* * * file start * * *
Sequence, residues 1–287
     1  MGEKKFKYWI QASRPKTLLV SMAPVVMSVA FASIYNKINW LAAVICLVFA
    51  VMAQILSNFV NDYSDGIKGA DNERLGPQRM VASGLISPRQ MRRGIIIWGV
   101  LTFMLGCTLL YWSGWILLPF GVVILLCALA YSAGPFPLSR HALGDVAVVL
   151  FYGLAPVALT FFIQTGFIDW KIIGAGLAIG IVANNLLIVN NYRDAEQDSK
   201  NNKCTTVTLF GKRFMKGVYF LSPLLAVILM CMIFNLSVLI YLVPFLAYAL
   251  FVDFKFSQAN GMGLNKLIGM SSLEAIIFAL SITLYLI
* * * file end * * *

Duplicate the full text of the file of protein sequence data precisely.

Sequence, residues 1–287
     1  MGEKKFKYWI QASRPKTLLV SMAPVVMSVA FASIYNKINW LAAVICLVFA
    51  VMAQILSNFV NDYSDGIKGA DNERLGPQRM VASGLISPRQ MRRGIIIWGV
   101  LTFMLGCTLL YWSGWILLPF GVVILLCALA YSAGPFPLSR HALGDVAVVL
   151  FYGLAPVALT FFIQTGFIDW KIIGAGLAIG IVANNLLIVN NYRDAEQDSK
   201  NNKCTTVTLF GKRFMKGVYF LSPLLAVILM CMIFNLSVLI YLVPFLAYAL
   251  FVDFKFSQAN GMGLNKLIGM SSLEAIIFAL SITLYLI